New York Army Guard trains with South African partnersNew York Army Guard trains with South African partners

By Maj. Jean Kratzer, Headquarters, 42nd Infantry Division

RICHARDS BAY, South Africa — Thirty-three New York Army National Guard Soldiers from the 107th Military Police Company spent a week training with their counterparts in the South African National Defense Forces.

The Soldiers participated in multiple training exercises with the South African forces, known as SANDF, July 18-26. These included air landing operations, react to ambush exercises, mass casualty operations, hostage and negotiation procedures and chemical, biological, radiological, nuclear and explosives training.

“The company conducted rehearsals on individual and collective movement techniques, reflexive firing, reporting and the basics of a dismounted squad attack. It was a great experience to be around such a great team of warriors,” said Maj. Teofilo Espinal, the New York National Guard officer based in South Africa to coordinate training exchanges.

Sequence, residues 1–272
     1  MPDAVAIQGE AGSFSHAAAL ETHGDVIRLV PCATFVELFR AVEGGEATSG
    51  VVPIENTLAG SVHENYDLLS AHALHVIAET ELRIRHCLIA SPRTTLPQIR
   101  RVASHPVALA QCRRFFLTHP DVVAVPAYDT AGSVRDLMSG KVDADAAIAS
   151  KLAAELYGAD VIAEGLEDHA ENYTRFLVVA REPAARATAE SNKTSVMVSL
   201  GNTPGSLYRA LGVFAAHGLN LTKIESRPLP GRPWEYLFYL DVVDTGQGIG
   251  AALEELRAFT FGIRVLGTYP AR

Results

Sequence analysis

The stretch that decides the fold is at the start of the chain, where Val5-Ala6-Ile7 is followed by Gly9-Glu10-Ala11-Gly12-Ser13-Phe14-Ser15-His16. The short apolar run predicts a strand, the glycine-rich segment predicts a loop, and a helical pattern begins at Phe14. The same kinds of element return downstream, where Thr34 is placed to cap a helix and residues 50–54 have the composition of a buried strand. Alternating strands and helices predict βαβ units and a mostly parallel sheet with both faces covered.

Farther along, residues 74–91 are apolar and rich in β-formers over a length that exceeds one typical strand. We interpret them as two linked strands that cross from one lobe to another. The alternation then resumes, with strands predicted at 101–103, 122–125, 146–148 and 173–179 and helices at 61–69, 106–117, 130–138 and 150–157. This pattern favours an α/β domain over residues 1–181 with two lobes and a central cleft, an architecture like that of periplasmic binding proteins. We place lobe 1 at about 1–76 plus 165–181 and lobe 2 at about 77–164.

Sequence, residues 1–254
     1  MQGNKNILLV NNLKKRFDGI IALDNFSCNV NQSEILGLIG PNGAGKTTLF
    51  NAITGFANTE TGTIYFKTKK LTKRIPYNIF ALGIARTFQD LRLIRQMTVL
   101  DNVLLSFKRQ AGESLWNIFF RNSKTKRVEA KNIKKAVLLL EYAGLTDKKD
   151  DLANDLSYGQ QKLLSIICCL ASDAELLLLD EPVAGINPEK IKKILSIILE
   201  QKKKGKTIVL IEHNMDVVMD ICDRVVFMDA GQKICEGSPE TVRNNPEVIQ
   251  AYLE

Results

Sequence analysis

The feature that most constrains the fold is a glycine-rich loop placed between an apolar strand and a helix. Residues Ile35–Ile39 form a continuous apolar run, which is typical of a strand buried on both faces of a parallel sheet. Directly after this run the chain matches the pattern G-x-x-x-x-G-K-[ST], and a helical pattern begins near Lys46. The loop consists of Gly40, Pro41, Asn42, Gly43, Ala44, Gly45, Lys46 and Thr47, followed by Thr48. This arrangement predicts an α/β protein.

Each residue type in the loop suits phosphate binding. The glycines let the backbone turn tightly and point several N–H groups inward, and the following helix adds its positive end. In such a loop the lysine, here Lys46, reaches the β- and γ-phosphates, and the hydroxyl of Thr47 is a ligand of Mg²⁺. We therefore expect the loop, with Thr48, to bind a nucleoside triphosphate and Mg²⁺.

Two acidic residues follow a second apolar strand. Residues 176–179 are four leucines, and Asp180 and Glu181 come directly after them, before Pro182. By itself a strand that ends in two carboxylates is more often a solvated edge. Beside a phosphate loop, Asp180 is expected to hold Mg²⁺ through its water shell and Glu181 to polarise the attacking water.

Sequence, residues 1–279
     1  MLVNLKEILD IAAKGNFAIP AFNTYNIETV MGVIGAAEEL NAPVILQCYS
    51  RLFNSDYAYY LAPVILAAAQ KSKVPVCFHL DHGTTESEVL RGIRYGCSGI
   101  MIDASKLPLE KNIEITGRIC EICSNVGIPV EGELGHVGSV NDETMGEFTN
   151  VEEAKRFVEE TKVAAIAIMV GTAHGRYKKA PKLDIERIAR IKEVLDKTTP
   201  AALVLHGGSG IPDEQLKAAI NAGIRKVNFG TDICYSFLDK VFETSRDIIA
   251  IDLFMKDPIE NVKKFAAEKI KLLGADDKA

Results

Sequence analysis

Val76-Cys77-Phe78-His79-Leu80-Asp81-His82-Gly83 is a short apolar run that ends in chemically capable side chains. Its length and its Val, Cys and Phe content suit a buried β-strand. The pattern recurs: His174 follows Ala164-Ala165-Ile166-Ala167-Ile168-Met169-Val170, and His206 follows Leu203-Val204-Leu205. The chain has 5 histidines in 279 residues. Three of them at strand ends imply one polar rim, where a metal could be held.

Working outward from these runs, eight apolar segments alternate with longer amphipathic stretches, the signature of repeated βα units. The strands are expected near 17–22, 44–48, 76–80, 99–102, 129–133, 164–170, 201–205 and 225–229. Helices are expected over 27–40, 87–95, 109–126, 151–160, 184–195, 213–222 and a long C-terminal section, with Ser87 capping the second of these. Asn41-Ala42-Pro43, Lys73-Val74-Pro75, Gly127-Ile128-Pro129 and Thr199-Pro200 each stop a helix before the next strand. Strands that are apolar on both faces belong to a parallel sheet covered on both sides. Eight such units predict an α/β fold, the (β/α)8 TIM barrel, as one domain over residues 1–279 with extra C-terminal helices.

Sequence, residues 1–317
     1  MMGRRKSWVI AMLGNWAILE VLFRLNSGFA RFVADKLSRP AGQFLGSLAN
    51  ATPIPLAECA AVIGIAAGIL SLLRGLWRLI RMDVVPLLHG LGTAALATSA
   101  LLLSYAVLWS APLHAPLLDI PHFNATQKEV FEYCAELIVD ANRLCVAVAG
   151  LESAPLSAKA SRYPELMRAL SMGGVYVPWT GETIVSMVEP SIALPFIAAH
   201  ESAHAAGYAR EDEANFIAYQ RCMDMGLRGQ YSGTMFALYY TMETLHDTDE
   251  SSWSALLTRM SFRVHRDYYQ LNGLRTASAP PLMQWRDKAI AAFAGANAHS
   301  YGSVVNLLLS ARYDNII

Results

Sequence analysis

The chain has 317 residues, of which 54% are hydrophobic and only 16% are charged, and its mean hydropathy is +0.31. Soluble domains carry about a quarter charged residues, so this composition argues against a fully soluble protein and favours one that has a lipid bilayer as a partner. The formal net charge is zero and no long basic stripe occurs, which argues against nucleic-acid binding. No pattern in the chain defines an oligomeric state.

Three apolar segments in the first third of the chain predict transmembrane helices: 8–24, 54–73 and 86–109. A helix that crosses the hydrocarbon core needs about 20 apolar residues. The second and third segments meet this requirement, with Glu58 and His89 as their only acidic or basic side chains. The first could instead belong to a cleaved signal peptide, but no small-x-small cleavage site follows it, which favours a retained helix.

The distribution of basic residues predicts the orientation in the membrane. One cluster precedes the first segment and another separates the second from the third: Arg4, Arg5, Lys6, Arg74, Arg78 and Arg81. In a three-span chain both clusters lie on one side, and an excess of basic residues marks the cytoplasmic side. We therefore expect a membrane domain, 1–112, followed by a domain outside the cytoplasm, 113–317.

The 107th’s tactical exercises were part of Shared Accord, a biennial exercise in which the U.S. military trains and exercises with an African nation’s military.

The 2022 exercise included the 107th Military Police Company field training, a medical training exercise and a training segment.

The Shared Accord series of exercises enables Soldiers to build relationships with partner countries and share visions and planning for security and stability, according to United States Africa Command.

Espinal praised the Soldiers of the 107th for their enthusiasm in tackling the tactical training.

“The 107th arrived in South Africa ready to execute and represent America and the New York National Guard on the world stage with a partner New York has had for 19 years,” he said.

The New York National Guard and South Africa have been partners under the Department of Defense National Guard Bureau State Partnership Program since 2003.

“It was a pleasure having their energy when they arrived to meet me in South Africa, where temperatures dip below freezing during winter mornings. They tenaciously rehearsed battle drills and were forced to relearn mainly light infantry tactics in a week,” Espinal said.

The training was excellent, said Staff Sgt. Jessica Alese, a squad leader in the 107th.

“Training in unfamiliar terrain with well-equipped enemy forces tests our tactical abilities,” Alese said. “My Soldiers maintained high levels of morale and effort,” she said.

“Being in the field and seeing SANDF conduct their operations is a great experience for us to be a part of,” she added.

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